Solution? a standing desk . Yes, standing is good for you. Even without trying, your leg muscles are working when you stand. The cholesterol doesn't deposit to the walls of your arteries as easily.

And so I just ordered my standing desk from amazon.com. Fellow desk-bound lawyers, please join me in standing up against heart disease!

Keep safe!

Mike Bersani

Email me at: bersani@michaels-smolak.com I'd love to hear from you!

Michael G. Bersani, Esq.
michaels-smolak.com
Central NY Personal Injury Lawyers
Michaels & Smolak, P.C.

1-315-253-3293

April 24, 2012

Why NY Personal Injury Cases Settle On The Eve Of Trial

money handshake.jpgMonday I was scheduled to try a Seneca County NY motorcycle accident case in the Seneca County Courthouse in Waterloo. But as often happens, the case settled on the eve of trial, in this case Sunday afternoon.

Why do personal injury cases settle so late in the game, after the attorneys have put so much work into preparing for trial"? In one word, "pressure". The pressure of an upcoming trial transforms the psychology of the parties and the lawyers. The weaknesses of your own case suddenly come into focus as never before. The risks of trial loom larger. This happens on both sides. When the parties' positions are not far apart to begin with, splitting the difference suddenly seems more palatable.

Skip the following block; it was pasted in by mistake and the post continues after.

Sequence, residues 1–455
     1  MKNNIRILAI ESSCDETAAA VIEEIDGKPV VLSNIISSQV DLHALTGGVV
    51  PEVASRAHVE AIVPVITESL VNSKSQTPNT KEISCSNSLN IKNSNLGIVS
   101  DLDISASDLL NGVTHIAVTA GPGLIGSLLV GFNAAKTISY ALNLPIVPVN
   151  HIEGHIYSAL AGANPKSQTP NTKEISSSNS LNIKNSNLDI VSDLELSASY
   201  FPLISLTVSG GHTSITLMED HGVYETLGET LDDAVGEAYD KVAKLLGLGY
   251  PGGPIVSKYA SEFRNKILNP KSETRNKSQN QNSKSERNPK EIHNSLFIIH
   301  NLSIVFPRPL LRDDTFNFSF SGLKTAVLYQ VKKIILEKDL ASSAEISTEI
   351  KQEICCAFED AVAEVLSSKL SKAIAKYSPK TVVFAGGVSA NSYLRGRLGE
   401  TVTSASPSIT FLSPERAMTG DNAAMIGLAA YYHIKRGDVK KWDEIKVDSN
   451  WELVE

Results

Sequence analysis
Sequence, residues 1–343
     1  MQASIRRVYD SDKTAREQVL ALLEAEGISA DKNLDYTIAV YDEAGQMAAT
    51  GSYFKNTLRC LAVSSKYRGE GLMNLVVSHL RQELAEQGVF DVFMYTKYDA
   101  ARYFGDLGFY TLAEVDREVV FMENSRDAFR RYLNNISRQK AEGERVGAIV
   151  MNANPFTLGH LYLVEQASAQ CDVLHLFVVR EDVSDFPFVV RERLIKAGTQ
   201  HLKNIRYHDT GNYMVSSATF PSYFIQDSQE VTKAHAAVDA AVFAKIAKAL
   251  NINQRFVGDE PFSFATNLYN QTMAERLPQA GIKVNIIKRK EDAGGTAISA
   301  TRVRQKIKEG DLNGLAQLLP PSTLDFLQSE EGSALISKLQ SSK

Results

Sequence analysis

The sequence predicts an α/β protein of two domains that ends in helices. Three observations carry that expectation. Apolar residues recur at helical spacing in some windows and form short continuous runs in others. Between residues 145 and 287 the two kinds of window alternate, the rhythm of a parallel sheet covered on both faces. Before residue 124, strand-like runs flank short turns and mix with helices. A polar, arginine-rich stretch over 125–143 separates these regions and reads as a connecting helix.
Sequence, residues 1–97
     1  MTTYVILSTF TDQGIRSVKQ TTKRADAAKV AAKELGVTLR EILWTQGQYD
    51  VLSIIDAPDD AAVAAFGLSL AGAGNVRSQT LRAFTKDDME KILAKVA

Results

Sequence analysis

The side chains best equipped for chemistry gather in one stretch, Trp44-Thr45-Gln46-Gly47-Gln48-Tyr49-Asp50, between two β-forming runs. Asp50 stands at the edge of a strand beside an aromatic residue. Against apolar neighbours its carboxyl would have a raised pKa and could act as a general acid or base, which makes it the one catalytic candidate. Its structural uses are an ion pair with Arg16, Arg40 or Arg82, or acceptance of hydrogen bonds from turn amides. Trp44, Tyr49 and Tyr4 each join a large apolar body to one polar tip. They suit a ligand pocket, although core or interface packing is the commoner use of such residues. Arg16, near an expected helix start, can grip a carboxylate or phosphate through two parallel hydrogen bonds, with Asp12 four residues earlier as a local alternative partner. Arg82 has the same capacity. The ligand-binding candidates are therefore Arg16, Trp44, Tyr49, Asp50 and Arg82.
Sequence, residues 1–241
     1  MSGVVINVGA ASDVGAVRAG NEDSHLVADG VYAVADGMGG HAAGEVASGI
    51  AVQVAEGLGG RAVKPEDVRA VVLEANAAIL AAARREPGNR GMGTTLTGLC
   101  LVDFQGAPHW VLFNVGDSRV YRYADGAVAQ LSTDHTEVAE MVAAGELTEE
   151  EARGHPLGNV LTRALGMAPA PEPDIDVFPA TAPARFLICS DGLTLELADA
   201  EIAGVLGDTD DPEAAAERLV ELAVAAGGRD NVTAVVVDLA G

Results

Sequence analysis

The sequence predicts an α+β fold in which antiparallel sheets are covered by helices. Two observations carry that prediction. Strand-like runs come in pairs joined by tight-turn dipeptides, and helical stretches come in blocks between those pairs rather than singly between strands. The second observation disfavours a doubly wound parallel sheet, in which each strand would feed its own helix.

Trying cases is exciting, fun and, yes, frightening, especially for the client who usually has never been to court. The cases that get tried are the ones where the parties are miles apart. Where the positions are "within firing range" of each other, the pressures of trial often lead to a settlement on the courthouse steps.

My client was happy, and relieved, with the settlement. The amount we got was almost exactly what the lawyers in my firm had predicted an average jury would give us.

One of my partners always says, "hey, you can't lose a settled case". When I told that to my client, he laughed and said, "amen".